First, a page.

Sunday, May 24, 2009

One Is Silver and the Other's Gold

Considering all my idiosyncrasies and flaws (surely more than my share, at least according to my teenaged children), I've still somehow managed to make some amazing friends in my lifetime.

Most people make dozens of acquaintances every year of their life. Beginning in childhood, we meet new people in the neighborhood, at school, in sports and activities. We encounter new faces in college, at jobs, and eventually through our own children. Some simply remain acquaintances; many just fade from our lives and our memories; and a handful we try hard to forget. (Though try as we might, why can't we forget that one particular Boss-from-Hell?)

Out of the hundreds and hundreds of individuals we meet in our life, something just clicks with some. It may be a shared interest, common beliefs, or simply a similar sense of humor. Usually imperceptibly, often unexpectedly, there's a spark, and a rapport builds.

And then one day, you realize the one-time acquaintance has become a true friend.

Some of my very best friends, still, are those I made in grade school. Perhaps those friendships have perpetuated for the sheer fact of spending eight years together during the most formative times of our lives. Perhaps it's because we have similar backgrounds, though most of us are not, individually, very similar at all.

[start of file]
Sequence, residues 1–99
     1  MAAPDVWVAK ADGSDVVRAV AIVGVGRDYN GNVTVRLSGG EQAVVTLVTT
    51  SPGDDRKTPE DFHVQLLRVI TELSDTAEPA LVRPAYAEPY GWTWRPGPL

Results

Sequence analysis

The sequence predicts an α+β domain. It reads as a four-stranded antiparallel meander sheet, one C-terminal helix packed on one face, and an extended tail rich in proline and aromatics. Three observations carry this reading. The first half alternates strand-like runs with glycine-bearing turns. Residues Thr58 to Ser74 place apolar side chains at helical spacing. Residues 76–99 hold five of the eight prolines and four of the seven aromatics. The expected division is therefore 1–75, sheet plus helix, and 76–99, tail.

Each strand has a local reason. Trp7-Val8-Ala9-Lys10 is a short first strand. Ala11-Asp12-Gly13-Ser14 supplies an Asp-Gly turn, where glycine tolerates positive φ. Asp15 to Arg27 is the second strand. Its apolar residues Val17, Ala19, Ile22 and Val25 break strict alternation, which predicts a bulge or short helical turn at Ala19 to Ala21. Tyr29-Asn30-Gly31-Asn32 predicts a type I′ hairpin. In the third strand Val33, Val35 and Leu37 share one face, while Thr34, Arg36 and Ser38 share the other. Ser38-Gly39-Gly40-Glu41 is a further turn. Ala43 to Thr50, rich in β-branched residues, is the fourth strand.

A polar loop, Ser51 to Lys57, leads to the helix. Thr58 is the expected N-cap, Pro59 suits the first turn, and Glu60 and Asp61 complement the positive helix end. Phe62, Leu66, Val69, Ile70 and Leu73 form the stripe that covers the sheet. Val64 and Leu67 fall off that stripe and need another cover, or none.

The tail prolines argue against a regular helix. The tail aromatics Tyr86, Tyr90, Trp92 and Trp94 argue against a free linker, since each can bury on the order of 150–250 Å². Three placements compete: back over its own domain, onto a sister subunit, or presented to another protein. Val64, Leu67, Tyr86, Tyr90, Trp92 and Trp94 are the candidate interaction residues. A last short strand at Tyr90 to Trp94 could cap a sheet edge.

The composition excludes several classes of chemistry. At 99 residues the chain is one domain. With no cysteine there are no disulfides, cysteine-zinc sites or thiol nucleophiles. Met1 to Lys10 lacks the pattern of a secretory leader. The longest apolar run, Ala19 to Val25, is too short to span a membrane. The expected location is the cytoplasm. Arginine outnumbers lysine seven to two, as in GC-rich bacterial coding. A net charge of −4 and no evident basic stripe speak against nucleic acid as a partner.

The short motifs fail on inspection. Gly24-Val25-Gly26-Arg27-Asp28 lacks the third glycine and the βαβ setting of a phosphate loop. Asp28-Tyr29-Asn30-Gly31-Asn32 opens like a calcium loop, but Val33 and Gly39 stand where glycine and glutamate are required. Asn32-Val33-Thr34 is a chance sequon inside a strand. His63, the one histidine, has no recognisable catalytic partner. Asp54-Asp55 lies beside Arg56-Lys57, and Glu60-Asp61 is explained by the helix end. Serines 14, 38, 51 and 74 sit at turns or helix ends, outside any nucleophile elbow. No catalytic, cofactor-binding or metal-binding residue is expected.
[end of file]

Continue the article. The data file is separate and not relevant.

I've had lasting friendships with a handful of high school and college friends, too. And along the way, I've come to know some great new friends, from current and past jobs, through my children, and even from vacations and writing conferences, when a mere week with these individuals was long enough to forge a continued camaraderie.

Sadly though, even the best of friendships don't always last forever. I've somehow lost touch with a few people who, at one point in my life, were among my closest friends: a grade school friend, at whose house I spent much of every weekend for years; high school buddies who accompanied me on post-graduation road trips that I'll never forget (though early adult activities rendered some parts hazy); and a couple individuals who were at one time so important in my life that I chose them each to do readings at my wedding.

I've found, however, that friendships ebb and flow. They take initiative. They take nurturing. And in 2009, they also take pushing aside a reluctance to jump on the bandwagon of seemingly trendy technology (thank you, Facebook), in order to rediscover, recapture and rejuvenate them.

I'm thankful for every friend I've ever had: the ones who are still around and the ones who've simply faded away into my warm memories. Yes, some old are silver and the others are gold. Just like precious metals, they're all treasured.

Tonight, as I reminisce, I tip my glass (refilled more than once) to you all.

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